Furthermore, some principled-conservatism theorists have suggested that racism and conservatism are independent, and only weakly correlated among the highly educated, who truly understand the concepts of conservative values and attitudes. In an effort to examine the relationship between education, SDO, and racism, Sidanius and his colleagues asked approximately 4,600 Euro-Americans to complete a survey in which they were asked about their political and social attitudes, and their social dominance orientation assessed. Results indicated partial support for the principled-conservatism position. However, the data suggest several problems for the principled-conservatism position. Contrary to what these theorists would predict, correlations among SDO, political conservatism, and racism were strongest among the most well educated, and weakest among the least well educated, according to Sidanius and his colleagues, because conservatives tend to be more invested in the hierarchical structure of society and in maintaining the inequality of the present status quo in society.
Political positions of Sarah Palin
Palin has described the Republican Party platform as "the right agenda for America," because of its "respect for equality and respect for life and an acknowledgment that it is individual Americans and American families who can make better decisions for ourselves than government can ever make for us," adding that "individual freedom and independence is extremely important to me and that's why I'm a Republican."
Palin supports the Right to keep and bear arms and is a lifetime member of the National Rifle Association (NRA)
Palin is a social conservative. A lifetime member of the National Rifle Association (NRA), Palin believes theright to bear arms includes handgun possession, and has advocated gun safety education for youth.She also supports capital punishment. Palin supports allowing the discussion of creationism in public schools, but says it does not have to be part of the curriculum. Palin opposes same-sex marriage and supported a non-binding referendum for an Alaskan constitutional amendment to deny state health benefits to same-sex couples. Palin has called herself "as pro-life as any candidate can be," and she is supportive of "abstinence-only" sex education, although in 2006 said she supported contraception; she is opposed to abortion (including when the pregnancy is caused by rape or incest), but supports it in cases where the mother's life would be endangered. Palin has promoted oil and natural gas resource exploitation in Alaska, including in the Arctic National Wildlife Refuge (ANWR), and initiated a lawsuit over the federal listing of the polar bear and Cook Inlet beluga whale as an endangered species.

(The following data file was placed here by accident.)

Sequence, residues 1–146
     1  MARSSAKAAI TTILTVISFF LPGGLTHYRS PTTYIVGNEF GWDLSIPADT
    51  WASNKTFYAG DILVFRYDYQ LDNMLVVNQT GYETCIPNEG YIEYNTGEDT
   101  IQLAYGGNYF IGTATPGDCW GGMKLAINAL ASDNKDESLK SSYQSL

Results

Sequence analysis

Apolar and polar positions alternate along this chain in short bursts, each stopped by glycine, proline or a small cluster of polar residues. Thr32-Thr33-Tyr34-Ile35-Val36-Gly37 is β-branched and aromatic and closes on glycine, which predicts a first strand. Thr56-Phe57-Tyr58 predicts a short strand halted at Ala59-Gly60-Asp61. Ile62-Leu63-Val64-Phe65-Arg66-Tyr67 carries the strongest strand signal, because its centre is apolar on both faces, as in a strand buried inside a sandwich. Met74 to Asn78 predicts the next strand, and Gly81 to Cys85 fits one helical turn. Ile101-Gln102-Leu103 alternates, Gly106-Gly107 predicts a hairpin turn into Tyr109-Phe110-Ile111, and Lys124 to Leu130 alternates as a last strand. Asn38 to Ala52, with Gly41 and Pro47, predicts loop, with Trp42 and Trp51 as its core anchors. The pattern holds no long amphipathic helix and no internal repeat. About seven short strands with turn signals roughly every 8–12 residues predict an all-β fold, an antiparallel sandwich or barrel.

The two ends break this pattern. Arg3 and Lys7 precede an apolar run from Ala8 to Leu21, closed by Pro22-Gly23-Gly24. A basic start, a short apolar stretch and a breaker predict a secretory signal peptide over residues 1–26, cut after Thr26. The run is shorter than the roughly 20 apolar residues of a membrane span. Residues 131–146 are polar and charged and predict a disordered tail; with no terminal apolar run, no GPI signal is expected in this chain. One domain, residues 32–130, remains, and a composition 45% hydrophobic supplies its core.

Regarding foreign policy, Palin generally supports the Bush doctrine of preemptive military action in the face of an imminent threat, would not "second guess" a military strike by Israel against nuclear weapons facilities in Iran, supports US military operations in Pakistan without Pakistani approval, and supports NATO membership for Ukraine andGeorgia. Palin leaves open option of war with Russia in the event of Russian invasion of a NATO member.